When you start learning to play guitar, it’s important to know the names and notes of a guitar’s strings in standard tuning.
Regardless of whether you are going to buy an electric, classical, acoustic or western guitar – a guitar should be tuned before you start playing. This applies to any stringed instrument, and even wind instruments are subject to temperature differences and shocks from transport! Nothing so miserable, and not good for the development of your hearing, as a false sounding instrument! The names of the strings are displayed on the guitar tuner, both in notes and in numbers.
From the thickest string (upper string) to the thinnest string (lower string), the names E, A, D, G, B and E, or mi, la, re, sol, si and mi, are given. Mind you, we are talking about the standard E-tuning on a six-string guitar, and not about alternative tunings such as drop tunings, down tunings and open tunings.
On tuners (guitar tuners), or also on guitar tuning apps on your smartphone, tablet or iPad, you often see both the name of the note and the number of the string.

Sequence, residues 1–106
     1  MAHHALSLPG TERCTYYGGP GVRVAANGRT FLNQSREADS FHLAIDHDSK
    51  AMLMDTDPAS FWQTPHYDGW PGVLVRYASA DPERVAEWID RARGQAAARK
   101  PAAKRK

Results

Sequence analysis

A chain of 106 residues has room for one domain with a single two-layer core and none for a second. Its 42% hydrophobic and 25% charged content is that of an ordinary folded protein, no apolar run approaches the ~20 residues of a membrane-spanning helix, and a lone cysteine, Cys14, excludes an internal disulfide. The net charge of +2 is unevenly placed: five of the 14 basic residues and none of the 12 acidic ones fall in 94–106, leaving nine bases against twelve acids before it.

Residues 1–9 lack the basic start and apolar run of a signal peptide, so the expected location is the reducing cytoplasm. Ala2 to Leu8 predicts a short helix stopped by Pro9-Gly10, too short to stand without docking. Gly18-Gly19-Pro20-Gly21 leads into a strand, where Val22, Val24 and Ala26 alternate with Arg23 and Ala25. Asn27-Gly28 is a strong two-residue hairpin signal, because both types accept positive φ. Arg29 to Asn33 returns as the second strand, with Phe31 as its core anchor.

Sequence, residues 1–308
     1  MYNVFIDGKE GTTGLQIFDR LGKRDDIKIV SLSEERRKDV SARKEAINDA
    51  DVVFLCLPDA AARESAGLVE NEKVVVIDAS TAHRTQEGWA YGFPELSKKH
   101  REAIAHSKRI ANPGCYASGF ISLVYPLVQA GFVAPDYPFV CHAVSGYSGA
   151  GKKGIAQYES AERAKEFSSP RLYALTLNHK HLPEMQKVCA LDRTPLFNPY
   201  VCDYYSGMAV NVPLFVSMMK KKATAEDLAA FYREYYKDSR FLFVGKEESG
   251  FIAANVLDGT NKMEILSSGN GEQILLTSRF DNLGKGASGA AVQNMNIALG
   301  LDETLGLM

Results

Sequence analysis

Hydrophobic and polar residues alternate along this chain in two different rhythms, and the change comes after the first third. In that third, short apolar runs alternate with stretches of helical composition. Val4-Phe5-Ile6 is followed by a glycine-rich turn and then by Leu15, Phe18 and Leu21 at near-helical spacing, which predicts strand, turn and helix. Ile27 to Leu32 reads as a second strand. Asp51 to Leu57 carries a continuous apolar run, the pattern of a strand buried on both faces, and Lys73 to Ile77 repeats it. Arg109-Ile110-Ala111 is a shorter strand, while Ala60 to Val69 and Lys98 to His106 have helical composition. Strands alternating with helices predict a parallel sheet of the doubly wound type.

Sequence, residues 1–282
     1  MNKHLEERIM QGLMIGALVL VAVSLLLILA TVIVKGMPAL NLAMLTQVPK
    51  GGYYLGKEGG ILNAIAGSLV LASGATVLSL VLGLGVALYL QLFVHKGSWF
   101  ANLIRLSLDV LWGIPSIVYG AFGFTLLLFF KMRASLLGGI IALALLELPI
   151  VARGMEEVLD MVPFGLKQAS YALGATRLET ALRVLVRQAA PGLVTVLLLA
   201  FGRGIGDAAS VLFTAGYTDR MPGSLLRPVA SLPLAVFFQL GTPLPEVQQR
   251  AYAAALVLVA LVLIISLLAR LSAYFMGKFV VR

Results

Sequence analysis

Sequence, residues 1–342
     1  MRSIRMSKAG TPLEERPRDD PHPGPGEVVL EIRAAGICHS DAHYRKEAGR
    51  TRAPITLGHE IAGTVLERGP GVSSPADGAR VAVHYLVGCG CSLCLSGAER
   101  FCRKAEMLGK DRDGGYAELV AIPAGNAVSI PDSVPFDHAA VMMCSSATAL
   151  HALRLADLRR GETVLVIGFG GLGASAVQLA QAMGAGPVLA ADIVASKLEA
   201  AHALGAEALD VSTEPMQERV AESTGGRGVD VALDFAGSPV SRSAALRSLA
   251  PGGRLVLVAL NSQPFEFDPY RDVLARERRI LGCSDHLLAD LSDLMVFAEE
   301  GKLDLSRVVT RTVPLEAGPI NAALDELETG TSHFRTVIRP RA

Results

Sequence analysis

For a 6-string guitar, the top or thickest E string is number 6. From the top string (thick string) this becomes E (6), A (5), D (4), G (3), B (2) and E (1). The sixth and the first string are both the letter or note E (mi). The only difference is that the thin E string sounds 2 octaves higher than the thick E string.
Some guitar tuners, the so-called chromatic tuners, usually do not indicate string numbers. There you have to make sure that the letters match the string. For example, this is the Boss Chromatic Tuner TU-3 app that I use on my Samsung Android smartphone:
How to quickly remember the names of the strings and how to memorize them?
Just remember this phrase…
Dutch: “Een Aap Die Geen Bananen Eet”
English: “Eddy Ate Dynamite, Good Bye Eddy”
German: “Eine Alte Dame Ging Brötchen Essen”